My First Book Club Meeting! (Mostly Dead Things, By Kristen Arnett)

Mostly Dead Things
By Kristen Arnett

My sister’s family visited DC from Texas not too long ago. After a very hot morning wandering around Mount Vernon (the historical site, not the neighborhood), John and I took them to Virtue Grain and Feed in Old Town Alexandria for lunch. My sister suggested we check out the bookstore right next to it afterward, and I am SO glad she did!

I discovered three things on that visit. 1. Old Town Books is cute and fun. 2. They have book clubs! Which I decided immediately to join. and 3. They’e hosting an Emerging Writer’s Festival in August (that I knew I HAD to be part of).


I’ve actually been meaning to read more fiction for a while now. I generally gravitate toward nonfiction books, usually history or self help. If I DO read a fiction book, it’s probably a Tamora Pierce novel or historical fiction set around the English Renaissance (Tudor Times are MY JAM), or maybe Jane Austen. I also regularly act in Shakespeare plays, although I’m not sure how much that counts towards reading. But since I’m writing fiction now, I clearly need to read more of it. I wasn’t sure where to start though, which is why I was so happy to learn about Old Town Books’ book club! I figured this was a perfect way to discover new fiction and make new literary friends while also overanalyzing stories (which is one of my favorite things).

My first meeting was this last Saturday! This is the first book club I can actively remember going to, honestly. And it was delightful! We discussed “Mostly Dead Things,” by Kristen Arnett. It’s a wonderfully wacky book about how a family moves on after their paternal figure’s suicide. He was a taxidermist, as is the narrator Jessa-Lyn, and the book explores this craft in a really fascinating, realistic, and occasionally gory way. The narrator’s mother starts to work through her grief by making art in the form of sexually explicit taxidermy scenes, which leads to her meeting an art gallery owner and creating her own full art exhibit. The narrator ends up in a twisty relationship with the gallery owner, Lucinda, and shenanigans continue from there. It’s also a beautiful exploration of the nature of grief and family. It’s a tough read at times, just because it’s so emotional and raw, but I really enjoyed it and I greatly enjoyed talking to other book fans about it. My friend Arielle came along with me and we had a good time!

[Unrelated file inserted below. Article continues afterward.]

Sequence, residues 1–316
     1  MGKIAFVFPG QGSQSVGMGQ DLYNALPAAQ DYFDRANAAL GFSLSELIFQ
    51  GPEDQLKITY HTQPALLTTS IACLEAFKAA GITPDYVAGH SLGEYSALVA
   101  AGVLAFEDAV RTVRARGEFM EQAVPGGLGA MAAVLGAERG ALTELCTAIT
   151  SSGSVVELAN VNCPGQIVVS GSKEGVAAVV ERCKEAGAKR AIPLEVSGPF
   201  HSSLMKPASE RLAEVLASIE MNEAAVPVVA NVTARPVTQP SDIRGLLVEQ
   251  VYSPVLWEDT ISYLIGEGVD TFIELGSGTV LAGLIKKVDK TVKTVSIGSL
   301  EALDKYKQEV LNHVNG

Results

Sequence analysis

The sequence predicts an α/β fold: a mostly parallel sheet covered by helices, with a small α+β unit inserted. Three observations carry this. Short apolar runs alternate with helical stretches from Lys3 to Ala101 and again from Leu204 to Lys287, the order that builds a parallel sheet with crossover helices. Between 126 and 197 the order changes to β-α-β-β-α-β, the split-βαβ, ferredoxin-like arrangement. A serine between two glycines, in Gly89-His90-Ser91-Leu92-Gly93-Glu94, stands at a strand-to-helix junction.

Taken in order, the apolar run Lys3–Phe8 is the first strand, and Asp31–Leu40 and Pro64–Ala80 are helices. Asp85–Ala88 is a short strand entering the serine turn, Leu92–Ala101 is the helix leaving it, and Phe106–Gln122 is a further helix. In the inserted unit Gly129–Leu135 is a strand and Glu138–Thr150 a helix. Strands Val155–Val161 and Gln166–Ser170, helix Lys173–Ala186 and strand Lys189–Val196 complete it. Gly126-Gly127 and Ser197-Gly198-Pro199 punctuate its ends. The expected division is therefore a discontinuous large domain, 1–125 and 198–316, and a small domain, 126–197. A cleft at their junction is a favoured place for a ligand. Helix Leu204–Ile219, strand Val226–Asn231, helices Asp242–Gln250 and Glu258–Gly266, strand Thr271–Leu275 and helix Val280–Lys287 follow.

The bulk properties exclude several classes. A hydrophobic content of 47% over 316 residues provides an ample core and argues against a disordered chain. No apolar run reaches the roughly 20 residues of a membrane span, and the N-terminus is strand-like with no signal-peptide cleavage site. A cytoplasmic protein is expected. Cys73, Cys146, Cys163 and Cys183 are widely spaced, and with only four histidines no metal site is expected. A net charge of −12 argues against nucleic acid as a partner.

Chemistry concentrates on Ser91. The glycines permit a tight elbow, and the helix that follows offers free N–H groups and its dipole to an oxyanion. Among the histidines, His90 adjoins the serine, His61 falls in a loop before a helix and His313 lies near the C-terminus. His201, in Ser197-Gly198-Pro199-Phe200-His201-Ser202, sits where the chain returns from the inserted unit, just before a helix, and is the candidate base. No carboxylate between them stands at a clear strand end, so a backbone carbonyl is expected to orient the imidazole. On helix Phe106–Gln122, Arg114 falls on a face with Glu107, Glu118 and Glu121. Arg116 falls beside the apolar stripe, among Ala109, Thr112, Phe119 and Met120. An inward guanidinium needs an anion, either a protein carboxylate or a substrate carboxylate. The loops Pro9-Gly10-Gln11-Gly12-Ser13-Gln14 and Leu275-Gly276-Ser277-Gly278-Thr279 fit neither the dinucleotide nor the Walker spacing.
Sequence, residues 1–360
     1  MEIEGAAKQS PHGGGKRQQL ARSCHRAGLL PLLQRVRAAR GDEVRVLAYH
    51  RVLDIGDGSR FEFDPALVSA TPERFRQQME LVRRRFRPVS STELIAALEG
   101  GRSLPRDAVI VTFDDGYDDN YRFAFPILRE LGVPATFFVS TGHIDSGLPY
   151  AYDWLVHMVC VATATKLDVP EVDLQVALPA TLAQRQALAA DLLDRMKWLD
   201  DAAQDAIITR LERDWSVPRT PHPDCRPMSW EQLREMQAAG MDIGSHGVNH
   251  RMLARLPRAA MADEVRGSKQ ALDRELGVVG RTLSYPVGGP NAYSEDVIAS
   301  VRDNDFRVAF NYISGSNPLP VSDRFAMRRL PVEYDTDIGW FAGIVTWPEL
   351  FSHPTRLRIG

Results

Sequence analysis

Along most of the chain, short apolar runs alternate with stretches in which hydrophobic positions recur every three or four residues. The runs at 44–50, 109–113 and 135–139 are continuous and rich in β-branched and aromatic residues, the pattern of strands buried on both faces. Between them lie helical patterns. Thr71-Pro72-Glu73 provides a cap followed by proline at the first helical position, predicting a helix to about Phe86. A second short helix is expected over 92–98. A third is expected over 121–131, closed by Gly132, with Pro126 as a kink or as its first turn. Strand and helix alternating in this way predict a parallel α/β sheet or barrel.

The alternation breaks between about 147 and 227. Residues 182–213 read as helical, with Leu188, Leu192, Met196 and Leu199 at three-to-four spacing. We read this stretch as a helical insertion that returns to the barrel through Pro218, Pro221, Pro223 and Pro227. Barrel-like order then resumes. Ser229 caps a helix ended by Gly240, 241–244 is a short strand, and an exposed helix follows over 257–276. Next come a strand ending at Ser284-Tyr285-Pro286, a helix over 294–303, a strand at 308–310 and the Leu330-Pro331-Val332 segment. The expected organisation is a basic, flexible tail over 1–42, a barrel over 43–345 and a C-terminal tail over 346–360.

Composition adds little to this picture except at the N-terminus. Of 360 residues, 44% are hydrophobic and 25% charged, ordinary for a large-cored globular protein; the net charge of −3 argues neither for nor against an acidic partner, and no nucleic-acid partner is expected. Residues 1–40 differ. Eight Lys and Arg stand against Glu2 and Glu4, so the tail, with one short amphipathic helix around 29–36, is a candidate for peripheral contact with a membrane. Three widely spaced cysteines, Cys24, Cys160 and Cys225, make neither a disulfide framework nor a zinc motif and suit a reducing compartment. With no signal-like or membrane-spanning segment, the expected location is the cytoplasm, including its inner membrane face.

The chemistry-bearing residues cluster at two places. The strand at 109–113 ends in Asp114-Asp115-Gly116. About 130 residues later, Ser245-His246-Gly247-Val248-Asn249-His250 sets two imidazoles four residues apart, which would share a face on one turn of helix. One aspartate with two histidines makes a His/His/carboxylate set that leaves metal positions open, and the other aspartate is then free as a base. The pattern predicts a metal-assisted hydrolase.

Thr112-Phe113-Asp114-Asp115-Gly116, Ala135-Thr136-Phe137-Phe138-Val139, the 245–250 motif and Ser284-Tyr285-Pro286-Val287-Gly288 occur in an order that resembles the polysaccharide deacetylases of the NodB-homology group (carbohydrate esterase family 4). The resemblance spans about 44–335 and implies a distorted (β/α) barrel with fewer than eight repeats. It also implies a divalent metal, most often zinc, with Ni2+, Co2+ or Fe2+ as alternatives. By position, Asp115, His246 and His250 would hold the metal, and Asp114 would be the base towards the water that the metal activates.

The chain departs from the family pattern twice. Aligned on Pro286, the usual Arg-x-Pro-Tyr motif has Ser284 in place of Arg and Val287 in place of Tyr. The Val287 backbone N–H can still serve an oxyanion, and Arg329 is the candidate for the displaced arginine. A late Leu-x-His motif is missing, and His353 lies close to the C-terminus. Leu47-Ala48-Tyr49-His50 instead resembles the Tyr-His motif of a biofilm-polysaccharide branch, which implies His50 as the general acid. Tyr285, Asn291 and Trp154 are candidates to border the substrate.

Also there was a dog. A DOG. All bookstores need dogs.


The author Kristen Arnett joined the meeting after a bit and we got to ask her some questions! She had some really thoughtful answers. She also talked about how she fit her writing into her life with her full-time job as a librarian - basically, she committed to writing 1,000 words every day Monday-Friday. She didn’t have to write on the weekend, but if she did, that was cool too. I’ve found this mindset really inspiring and have made a similar commitment in my own life (using the Momentum habit tracking app).*

Afterward, Kristen signed books for everyone. She had the coolest way of doing so too - she put hearts into various portions of the title on the title page! I really appreciated the extra effort she put into making the autograph experience more unique and it gives me ideas for the future. :)

I can’t wait for next month’s meeting! I haven’t figured out what the book is yet, but I keep checking their website obsessively and someday I’ll know!

*I previously used the Habitbull habit tracking app, but I switched to Momentum to save money. It’s a very similar set up and only cost $5-6 instead of the $20 per year for Habitbull.